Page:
Wild yam powder is available in many health food and supplement stores. It is sold under a variety of names, including wild Mexican yam, colic root, rheumatism root and Chinese yam. Since the substance is not FDA-regulated, it's important to consult a health care provider prior to using it. When taken in large doses, wild yam can cause vomiting, nausea and diarrhea, according to the American Cancer Society. However, when taken properly, wild yam powder has a number of benefits.
Wild yams contain a high concentration of antioxidants, according to a November 2004 article that appeared in "Food Chemistry." Antioxidants attack free radicals in the body and are therefore beneficial at preventing a number of diseases, including cancer and cardiovascular disorders.
Wild yam powder is commonly used to treat numerous digestive issues, including irritable bowel syndrome (IBS). This is because wild yam contains alkaloids, which help relax muscles in the stomach, according to SixWise.com. Some manufacturers recommend the powder as a way to relieve morning sickness during pregnancy. However, the American Cancer Society states that it is not recommended for women who are pregnant or breastfeeding due to a lack of safety information.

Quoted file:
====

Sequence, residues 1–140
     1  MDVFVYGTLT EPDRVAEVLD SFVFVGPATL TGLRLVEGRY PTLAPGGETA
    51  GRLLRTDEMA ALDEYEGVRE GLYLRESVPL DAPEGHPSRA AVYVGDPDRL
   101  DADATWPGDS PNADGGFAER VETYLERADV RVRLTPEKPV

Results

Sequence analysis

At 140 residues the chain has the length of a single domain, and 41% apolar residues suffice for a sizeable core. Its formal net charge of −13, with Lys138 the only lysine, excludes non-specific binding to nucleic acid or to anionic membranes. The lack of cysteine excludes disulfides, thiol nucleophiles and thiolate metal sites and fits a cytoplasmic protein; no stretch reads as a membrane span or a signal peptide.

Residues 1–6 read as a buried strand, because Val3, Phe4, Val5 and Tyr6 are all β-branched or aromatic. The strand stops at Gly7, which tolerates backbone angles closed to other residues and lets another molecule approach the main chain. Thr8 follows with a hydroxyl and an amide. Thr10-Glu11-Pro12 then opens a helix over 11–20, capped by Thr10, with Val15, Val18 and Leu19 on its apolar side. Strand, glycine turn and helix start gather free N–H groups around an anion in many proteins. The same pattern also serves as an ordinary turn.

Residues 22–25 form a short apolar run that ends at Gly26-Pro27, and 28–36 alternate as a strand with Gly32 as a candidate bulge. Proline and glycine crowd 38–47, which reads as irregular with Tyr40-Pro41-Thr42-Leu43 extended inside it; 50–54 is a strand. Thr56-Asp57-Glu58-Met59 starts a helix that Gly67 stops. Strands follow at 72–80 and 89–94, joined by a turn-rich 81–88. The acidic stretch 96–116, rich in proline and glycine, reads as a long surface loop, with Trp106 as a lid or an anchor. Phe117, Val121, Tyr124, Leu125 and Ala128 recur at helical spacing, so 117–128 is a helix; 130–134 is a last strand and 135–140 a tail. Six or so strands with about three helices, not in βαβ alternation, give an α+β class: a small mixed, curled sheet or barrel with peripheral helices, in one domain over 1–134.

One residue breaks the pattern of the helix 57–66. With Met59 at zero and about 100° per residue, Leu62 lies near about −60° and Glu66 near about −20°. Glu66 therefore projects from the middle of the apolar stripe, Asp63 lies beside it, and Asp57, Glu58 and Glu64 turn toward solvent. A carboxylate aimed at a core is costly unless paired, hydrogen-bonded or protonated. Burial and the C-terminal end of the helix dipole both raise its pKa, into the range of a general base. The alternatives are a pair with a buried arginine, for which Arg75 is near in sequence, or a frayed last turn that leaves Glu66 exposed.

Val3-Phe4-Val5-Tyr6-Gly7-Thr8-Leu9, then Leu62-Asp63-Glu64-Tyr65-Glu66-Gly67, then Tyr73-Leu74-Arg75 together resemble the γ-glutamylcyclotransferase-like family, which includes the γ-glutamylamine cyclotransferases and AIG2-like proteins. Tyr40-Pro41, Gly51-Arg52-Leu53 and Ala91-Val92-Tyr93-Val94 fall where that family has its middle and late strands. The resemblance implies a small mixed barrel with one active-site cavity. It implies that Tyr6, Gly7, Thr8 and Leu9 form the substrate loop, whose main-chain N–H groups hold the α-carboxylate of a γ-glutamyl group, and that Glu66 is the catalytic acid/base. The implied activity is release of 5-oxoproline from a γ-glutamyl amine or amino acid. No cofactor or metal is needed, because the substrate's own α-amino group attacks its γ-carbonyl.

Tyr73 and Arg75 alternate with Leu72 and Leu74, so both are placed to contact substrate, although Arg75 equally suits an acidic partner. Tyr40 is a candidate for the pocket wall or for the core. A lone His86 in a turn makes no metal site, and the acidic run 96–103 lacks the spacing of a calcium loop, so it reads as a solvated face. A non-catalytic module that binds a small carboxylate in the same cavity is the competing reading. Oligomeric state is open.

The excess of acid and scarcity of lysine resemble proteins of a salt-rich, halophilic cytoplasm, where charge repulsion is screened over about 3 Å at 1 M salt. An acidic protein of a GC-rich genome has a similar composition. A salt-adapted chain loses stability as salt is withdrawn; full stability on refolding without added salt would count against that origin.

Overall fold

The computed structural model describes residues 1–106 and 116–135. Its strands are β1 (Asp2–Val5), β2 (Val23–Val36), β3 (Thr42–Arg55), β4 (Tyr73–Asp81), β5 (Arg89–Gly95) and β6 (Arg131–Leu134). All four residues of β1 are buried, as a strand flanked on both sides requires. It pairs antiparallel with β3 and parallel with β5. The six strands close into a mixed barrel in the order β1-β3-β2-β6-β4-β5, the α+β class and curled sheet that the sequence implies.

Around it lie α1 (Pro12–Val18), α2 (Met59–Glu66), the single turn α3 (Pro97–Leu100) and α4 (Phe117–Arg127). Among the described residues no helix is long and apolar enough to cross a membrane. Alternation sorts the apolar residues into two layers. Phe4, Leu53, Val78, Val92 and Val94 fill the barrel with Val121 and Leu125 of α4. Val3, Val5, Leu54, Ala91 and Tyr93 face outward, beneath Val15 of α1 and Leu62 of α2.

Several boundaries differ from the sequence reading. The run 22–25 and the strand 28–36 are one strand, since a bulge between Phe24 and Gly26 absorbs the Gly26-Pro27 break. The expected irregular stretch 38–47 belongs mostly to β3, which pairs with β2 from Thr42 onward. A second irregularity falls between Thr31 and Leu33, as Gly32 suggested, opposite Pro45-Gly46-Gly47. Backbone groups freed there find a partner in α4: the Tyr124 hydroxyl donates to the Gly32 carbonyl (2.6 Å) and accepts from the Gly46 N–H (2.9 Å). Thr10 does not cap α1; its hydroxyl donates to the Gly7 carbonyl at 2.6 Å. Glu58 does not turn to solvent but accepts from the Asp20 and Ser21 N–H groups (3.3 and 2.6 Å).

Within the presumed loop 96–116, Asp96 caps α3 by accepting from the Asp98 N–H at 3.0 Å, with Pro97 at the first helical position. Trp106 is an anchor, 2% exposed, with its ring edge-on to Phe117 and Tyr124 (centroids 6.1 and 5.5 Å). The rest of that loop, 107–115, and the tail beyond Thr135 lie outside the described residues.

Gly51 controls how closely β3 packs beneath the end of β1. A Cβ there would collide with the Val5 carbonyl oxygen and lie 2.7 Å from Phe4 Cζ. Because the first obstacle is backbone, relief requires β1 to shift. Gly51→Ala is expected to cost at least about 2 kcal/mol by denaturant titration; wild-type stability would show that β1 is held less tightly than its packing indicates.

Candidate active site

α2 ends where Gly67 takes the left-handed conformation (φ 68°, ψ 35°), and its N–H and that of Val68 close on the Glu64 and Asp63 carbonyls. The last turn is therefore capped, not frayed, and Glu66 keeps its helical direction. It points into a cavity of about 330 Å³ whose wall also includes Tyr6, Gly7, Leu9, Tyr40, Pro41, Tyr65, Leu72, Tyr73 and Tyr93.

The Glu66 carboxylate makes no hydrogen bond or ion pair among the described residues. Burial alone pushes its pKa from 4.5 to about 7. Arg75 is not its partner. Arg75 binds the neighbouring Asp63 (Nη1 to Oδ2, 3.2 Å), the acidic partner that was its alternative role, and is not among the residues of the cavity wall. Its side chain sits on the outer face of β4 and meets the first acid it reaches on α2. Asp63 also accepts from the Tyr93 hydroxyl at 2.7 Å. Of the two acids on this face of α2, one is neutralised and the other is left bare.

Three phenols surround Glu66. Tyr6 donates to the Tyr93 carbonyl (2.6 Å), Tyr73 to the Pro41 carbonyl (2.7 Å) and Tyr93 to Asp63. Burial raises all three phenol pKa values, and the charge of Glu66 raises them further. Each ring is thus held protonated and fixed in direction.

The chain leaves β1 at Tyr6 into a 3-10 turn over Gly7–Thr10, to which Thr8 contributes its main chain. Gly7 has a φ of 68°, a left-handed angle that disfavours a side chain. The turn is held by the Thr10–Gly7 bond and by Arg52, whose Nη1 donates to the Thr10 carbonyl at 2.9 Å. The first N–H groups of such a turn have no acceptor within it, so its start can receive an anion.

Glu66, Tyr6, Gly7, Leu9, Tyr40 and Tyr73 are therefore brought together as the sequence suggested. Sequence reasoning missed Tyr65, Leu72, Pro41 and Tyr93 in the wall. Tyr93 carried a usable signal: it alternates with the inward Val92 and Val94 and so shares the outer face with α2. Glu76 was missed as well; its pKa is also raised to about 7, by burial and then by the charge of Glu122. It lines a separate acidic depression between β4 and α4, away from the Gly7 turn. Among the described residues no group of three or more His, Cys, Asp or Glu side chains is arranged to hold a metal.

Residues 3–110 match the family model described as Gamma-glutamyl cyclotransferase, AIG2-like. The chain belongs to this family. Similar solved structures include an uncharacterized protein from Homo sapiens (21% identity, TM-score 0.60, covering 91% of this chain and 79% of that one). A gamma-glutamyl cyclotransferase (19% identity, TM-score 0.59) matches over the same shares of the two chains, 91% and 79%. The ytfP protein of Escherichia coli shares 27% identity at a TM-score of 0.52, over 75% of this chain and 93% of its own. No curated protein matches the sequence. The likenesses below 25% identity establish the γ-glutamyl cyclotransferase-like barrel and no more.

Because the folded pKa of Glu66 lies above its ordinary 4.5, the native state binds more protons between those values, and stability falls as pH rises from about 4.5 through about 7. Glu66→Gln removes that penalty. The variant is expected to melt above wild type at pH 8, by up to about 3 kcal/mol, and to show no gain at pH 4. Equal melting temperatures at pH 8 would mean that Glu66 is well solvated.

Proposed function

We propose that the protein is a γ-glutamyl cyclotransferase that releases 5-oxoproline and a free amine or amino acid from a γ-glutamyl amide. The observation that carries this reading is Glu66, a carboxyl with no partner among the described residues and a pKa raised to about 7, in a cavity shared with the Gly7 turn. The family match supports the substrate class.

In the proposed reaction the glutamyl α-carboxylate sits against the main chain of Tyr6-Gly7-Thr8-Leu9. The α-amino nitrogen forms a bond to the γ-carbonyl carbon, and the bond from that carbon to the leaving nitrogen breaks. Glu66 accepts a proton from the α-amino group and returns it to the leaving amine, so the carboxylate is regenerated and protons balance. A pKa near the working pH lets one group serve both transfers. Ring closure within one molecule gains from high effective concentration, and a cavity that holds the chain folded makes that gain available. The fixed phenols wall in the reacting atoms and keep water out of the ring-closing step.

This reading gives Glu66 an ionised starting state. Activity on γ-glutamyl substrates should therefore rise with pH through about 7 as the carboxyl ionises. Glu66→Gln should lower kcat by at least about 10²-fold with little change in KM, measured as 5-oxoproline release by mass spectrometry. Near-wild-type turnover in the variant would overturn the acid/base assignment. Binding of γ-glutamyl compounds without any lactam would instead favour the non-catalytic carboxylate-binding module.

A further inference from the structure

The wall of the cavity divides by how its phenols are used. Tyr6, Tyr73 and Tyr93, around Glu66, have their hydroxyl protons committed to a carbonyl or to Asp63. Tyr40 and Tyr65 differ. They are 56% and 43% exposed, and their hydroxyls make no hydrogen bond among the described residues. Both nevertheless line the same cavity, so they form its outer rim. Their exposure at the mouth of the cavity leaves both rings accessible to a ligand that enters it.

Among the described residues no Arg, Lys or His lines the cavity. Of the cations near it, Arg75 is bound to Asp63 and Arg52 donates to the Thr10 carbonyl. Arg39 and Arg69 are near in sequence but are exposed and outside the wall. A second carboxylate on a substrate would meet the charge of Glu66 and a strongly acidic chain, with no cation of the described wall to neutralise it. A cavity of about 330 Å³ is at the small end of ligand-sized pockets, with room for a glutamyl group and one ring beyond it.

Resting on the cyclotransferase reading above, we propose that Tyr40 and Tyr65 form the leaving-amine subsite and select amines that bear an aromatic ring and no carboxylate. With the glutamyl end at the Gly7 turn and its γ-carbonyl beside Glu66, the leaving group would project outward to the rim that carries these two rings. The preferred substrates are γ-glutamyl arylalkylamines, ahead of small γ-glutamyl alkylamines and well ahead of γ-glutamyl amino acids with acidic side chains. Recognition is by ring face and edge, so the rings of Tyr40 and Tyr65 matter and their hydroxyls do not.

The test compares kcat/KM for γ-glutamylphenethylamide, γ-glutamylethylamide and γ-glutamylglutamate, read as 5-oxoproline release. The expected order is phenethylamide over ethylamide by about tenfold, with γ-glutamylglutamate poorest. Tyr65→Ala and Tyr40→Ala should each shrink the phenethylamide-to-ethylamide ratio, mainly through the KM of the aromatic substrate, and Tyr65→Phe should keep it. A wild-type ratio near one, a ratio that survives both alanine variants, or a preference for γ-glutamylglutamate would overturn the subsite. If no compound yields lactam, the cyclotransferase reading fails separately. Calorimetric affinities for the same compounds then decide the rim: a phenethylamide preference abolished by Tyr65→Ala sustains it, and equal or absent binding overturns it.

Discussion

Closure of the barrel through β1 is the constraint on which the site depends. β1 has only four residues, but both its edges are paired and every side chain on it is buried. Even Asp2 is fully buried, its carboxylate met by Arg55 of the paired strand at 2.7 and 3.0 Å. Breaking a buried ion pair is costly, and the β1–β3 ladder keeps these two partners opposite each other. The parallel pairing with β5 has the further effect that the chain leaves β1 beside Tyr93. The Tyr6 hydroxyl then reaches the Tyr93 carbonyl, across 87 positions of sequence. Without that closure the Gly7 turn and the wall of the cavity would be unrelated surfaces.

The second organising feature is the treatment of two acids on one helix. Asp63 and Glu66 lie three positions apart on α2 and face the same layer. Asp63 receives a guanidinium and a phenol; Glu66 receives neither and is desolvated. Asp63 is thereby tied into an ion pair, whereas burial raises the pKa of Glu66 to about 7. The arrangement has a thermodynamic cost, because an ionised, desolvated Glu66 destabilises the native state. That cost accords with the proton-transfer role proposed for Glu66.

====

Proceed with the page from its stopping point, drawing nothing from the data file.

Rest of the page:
Promotes Healthy Cholesterol
According to the University of Maryland Medical Center, many researchers believe that wild yam can help lower cholesterol. Wild yam contains diosgenin, which blocked the body from absorbing cholesterol in animal studies. Further research is needed to validate this claim in humans. Anyone suffering from high cholesterol should talk to a health care provider before taking wild yam powder.
Reduces Hair Loss
Thinning hair and hair loss is a problem for many women as they age. To combat this, NaturalNews.com recommends combining wild yam, dong quai and chaste berry. This method should not be used if hair loss is the result of another condition, such as cancer treatment. Consult an herbalist and talk to a health care provider about possible side effects and specific dosing information.
- American Cancer Society: Wild Yam
- "Food Chemistry"; Organic Acid, Phenolic Content and Antioxidant Activity of Wild Yam Tubers of Nepal; M.R. Bhandari and J. Kawabata; November 2004
- SixWise: Wild Yam - Why It's NOT Recommended for Progesterone but Does Provide Eight Other Health Benefits
- University of Maryland Medical Center: Wild Yam
- Natural News: Natural Treatment Helps Hair Loss in Women